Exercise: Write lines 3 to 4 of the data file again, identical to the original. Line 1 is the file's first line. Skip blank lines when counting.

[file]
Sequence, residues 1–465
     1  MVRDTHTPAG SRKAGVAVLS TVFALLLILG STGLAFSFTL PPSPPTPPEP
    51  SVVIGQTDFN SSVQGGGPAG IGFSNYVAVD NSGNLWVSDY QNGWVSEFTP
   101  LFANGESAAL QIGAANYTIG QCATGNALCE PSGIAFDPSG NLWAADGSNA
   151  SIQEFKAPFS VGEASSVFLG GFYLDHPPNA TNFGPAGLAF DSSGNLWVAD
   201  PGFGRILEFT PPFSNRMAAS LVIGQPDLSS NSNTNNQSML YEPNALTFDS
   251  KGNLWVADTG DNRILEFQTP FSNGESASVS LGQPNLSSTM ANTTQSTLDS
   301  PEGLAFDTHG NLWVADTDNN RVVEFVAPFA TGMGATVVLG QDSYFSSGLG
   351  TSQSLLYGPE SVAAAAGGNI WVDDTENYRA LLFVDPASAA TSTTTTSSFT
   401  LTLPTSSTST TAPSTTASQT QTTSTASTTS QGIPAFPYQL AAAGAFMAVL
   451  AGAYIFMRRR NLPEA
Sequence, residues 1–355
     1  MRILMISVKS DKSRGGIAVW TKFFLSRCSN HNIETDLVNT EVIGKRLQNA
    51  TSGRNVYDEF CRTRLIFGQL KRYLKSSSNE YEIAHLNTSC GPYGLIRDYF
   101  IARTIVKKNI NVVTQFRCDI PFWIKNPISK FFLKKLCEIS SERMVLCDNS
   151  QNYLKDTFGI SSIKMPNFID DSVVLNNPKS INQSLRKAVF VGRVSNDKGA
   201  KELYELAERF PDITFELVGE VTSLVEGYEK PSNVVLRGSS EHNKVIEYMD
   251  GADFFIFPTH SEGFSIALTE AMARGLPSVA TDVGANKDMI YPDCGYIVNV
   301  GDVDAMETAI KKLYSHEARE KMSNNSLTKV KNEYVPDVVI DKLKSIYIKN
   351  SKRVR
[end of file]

    51  SVVIGQTDFN SSVQGGGPAG IGFSNYVAVD NSGNLWVSDY QNGWVSEFTP
   101  LFANGESAAL QIGAANYTIG QCATGNALCE PSGIAFDPSG NLWAADGSNA